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I have the ID data in one column, example, AB123456, and I want to split into 4 columns,
Column 1 is first character
Column 2 is second character
Column 3 is third, forth & fifth characters
Column 4 is sixth, seventh & eighth characters
Dataiku has a fonction to manage it?
Thanks in advance;
What @LouisDHulst has suggested looks like it will work. (I've not tested it.)
As an alternative you might also try an "Extract with Regular Expression" Step within a visual recipe.
In the case you were asking about I used this regular expression pattern. This creates all of the columns in a single visual recipe Step.
In this regular expression the open and close parentheses "( )" denotes a block of text that should become a column in the output.
The period "." denotes any single character. Multiple periods can be used to reference any number of characters.
You can use the Smart Pattern tool to extract single columns as well.
Regular Expressions or Regex is a sophisticated and some time frustrating bit of text processing software that can process your ID column with remarkable sophistication if you take the time to learn Regular Expressions. Learning Regular expressions can be a valuable skill. Beyond Dataiku's Smart Pattern tool, there are a number of online regular expression learning tools like https://regexr.com/ that can help you learn regular expressions and formulate useful regular expressions.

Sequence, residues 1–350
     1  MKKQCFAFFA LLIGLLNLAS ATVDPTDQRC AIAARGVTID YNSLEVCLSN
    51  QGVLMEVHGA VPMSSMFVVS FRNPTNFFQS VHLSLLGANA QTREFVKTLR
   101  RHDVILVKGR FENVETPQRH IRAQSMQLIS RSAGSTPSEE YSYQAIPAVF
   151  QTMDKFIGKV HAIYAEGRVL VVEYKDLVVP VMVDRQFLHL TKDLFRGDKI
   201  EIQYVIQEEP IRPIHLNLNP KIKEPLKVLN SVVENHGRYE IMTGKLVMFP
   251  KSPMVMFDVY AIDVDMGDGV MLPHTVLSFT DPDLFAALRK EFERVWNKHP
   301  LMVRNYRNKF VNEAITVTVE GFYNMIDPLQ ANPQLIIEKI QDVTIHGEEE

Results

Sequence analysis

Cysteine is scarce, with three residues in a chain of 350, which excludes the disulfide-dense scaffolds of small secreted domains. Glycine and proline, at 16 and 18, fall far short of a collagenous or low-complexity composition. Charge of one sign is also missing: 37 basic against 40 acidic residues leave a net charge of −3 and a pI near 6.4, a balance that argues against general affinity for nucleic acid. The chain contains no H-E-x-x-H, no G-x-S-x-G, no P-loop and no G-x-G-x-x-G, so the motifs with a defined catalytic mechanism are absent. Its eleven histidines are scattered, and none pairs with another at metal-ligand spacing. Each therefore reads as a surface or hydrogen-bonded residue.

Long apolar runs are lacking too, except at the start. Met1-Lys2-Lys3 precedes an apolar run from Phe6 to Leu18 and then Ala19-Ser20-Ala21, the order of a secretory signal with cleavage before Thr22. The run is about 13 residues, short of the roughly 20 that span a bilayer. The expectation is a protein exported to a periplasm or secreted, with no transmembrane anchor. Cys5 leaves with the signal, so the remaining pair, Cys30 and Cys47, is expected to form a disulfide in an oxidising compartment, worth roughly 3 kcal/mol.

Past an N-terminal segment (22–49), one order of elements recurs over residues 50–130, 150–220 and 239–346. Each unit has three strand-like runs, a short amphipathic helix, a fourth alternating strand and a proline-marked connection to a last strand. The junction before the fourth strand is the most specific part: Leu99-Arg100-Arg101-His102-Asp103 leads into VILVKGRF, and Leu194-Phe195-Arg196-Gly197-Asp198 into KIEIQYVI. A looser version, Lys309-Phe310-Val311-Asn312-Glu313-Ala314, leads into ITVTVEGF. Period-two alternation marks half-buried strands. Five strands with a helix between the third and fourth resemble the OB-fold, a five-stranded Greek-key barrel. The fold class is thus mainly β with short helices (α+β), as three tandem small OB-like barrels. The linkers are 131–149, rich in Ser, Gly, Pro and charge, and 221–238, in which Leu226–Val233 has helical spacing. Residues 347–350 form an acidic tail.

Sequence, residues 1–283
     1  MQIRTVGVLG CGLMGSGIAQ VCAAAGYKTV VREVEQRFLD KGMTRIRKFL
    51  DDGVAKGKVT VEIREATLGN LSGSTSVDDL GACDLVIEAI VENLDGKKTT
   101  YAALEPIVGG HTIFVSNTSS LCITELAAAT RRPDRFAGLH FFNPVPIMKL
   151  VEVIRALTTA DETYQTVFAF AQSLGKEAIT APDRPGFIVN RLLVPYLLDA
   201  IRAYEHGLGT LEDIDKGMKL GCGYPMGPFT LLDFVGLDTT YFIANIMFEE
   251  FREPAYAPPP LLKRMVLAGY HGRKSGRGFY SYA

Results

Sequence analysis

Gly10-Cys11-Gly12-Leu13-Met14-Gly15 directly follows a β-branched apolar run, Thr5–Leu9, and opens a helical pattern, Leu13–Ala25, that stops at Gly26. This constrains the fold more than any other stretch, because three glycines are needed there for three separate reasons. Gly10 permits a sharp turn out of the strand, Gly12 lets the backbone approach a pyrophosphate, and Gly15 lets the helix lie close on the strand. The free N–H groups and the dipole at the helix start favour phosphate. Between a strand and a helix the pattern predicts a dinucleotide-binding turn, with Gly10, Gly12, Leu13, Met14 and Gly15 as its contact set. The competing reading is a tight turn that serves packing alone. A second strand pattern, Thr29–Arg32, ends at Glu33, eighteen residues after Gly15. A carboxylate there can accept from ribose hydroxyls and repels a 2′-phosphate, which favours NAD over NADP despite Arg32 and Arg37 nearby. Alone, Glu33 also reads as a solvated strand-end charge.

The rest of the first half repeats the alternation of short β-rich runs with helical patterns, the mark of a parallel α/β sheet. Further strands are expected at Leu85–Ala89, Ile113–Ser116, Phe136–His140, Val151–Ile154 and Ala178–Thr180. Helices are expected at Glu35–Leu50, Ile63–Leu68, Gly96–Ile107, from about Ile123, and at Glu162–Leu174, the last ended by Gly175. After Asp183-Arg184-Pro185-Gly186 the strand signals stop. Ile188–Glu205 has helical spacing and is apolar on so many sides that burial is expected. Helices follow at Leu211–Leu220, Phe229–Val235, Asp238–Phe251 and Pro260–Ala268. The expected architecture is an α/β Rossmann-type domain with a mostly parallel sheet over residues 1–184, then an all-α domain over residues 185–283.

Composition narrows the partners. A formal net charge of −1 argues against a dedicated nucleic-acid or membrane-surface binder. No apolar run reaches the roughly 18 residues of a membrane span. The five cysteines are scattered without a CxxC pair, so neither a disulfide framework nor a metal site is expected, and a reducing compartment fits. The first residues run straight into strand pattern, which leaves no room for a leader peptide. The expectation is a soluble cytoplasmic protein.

Here is the step I made showing the results that I have.
That said, if I were to use this in production I might use a different more specific expression designed to deal with common error states.
For example a regular expression like this is very particular and will reject things that do not match what we expect:
From the beginning denoted with the "^"
Finds a word character, (\w) and put it in a column
a second word character (\w) and put it in a column
and two 3 digit strings (\d\d\d)(\d\d\d) and put each 3 digit string in their own column.
And the field must end there denoted by the "$"
If the data is not formatted in exactly this way we will return blank results. This may actually be to picky depending on your source data. It's up to you to write an expression that meets your needs.
There are an almost unlimited set of choices you can make in parsing a field like this with different levels of insistence on exact matches.
Hope this might help you or someone else here in the community.
P.S. You can also Grok
Or use formula steps, that slice out different character ranges.
You may have to do multiple steps to create each of the columns you need.
If your data is in a sql database you could write this is an SQL query.
Although, the Regex way is fast and compact. (And maybe showing off a bit... 😎)
Hope you have worked out your situation.